Cornell Law Review


Algorithmic credit assessment


Algorithmic credit assessment models wear two faces: one operating to perpetuate centuries of racial stratification and otherization in the United States' capitalist system, and one standing poised to correct such injustice by smoking out both inherent human biases and the remnants of past discrimination that are embedded in the system. Although the United States has undertaken efforts to equalize Black Americans' access to opportunities in education, employment, and other critical benefits, no modern and sustained effort has been made to ensure that the Black community is extended credit on sufficient and equal terms, without the effects of prior inequities continuing to pervade financial institutions' lending practices.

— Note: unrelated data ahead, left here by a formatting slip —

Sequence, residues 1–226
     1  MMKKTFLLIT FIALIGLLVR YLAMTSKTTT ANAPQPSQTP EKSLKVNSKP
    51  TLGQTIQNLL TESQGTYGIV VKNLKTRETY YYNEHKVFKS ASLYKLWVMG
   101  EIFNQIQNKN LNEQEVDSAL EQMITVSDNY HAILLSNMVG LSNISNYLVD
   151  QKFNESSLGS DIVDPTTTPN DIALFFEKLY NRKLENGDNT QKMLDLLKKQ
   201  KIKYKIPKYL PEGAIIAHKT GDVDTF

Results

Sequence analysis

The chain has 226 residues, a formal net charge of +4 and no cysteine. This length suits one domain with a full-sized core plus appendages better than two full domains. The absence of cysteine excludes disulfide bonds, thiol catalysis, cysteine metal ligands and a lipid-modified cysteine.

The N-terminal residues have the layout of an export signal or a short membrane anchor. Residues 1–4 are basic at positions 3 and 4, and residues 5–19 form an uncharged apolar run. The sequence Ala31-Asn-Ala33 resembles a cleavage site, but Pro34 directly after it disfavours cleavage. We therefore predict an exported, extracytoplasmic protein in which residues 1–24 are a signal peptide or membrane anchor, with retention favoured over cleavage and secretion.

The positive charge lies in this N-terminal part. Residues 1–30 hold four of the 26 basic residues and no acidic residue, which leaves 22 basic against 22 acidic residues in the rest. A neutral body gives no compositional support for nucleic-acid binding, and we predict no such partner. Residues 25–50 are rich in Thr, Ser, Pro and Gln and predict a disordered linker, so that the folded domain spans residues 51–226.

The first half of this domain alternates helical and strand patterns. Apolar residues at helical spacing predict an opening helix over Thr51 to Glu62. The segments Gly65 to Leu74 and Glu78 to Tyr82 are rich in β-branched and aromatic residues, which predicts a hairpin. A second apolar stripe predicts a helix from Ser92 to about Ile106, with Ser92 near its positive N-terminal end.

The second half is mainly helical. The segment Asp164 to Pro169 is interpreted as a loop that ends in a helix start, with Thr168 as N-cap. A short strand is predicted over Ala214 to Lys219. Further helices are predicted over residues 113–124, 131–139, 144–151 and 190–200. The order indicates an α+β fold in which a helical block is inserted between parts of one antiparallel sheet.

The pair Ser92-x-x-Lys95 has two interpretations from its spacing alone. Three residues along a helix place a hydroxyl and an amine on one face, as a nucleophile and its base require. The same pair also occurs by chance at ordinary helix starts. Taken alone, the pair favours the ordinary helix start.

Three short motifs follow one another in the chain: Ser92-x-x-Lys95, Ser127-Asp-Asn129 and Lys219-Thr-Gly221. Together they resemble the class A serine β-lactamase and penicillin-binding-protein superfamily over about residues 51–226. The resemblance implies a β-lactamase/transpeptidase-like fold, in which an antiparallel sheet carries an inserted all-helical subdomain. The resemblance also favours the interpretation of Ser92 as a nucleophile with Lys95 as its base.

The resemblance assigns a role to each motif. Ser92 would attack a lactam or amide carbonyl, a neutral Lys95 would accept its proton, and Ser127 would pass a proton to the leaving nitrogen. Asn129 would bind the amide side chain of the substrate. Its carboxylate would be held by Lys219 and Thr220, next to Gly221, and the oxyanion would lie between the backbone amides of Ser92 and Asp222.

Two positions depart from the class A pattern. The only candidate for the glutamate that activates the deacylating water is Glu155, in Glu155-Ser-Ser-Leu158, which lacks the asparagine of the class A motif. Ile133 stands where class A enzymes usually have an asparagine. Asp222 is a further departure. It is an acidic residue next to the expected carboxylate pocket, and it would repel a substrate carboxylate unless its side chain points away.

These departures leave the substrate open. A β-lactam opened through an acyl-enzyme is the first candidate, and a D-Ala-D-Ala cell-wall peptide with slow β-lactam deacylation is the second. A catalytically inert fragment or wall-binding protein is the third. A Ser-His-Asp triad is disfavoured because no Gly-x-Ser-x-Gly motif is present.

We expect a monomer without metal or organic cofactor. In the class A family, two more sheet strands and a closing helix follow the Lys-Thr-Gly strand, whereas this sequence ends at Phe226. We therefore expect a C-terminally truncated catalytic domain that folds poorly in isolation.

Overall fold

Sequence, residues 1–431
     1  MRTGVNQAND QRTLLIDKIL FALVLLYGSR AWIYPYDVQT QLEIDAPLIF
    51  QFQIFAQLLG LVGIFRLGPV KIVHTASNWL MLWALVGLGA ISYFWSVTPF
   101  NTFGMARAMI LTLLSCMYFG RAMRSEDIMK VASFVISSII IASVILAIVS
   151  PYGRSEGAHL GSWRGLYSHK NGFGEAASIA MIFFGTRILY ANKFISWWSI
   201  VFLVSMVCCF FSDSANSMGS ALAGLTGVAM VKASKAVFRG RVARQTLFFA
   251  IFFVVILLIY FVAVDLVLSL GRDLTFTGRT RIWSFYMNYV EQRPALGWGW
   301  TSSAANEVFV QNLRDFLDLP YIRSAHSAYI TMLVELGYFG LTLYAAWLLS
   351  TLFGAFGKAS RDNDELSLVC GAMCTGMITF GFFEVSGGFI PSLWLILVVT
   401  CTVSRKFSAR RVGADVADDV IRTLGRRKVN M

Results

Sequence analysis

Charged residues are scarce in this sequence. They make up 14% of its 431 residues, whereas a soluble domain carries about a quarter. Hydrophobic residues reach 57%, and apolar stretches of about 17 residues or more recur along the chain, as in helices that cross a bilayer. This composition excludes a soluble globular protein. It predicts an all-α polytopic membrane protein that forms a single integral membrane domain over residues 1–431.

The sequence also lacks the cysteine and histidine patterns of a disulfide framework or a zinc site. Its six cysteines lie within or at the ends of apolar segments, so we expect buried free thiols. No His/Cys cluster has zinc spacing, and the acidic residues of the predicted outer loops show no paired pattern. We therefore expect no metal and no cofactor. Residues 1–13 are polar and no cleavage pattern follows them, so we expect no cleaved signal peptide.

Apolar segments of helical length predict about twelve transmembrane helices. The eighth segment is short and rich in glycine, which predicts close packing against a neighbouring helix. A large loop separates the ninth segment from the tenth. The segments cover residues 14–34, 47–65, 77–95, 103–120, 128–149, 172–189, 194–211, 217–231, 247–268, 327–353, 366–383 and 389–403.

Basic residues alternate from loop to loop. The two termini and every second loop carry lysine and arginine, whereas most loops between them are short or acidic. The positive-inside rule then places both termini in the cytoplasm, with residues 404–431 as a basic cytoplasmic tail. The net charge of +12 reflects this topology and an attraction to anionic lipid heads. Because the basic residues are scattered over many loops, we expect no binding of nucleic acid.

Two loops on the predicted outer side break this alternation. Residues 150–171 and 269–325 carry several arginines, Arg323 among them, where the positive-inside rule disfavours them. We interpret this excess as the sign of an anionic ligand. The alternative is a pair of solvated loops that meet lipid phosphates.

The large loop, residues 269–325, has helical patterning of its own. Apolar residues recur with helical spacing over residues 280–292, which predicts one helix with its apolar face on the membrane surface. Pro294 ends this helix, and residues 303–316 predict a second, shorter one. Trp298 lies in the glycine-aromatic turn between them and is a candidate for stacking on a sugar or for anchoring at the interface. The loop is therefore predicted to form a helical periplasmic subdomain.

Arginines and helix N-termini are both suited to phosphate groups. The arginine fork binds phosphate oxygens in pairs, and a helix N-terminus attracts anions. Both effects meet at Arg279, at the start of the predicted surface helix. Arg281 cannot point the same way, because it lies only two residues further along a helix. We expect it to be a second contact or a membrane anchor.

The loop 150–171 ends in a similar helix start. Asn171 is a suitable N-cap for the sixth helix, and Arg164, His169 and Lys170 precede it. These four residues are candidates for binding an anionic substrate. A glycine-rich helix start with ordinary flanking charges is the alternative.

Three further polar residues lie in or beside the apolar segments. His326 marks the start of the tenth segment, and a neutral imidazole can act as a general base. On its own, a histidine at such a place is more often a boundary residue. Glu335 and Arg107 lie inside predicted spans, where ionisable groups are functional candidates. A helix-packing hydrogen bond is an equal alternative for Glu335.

This Note explores just a handful of ways in which financial institutions can take advantage of the capabilities of algorithms, big data, and artificial intelligence in order to close the racial gap in wealth and finance. Although institutions' rote use of these technologies is not enough to ensure that racially discriminate practices are not being reinforced through algorithmic credit assessment and lending models, the mindful design, use, and monitoring of fintech lending models presents an opportunity to begin making strides towards bringing Black Americans more meaningfully within the bounds of our financial system and eradicating racial restraints on capitalism.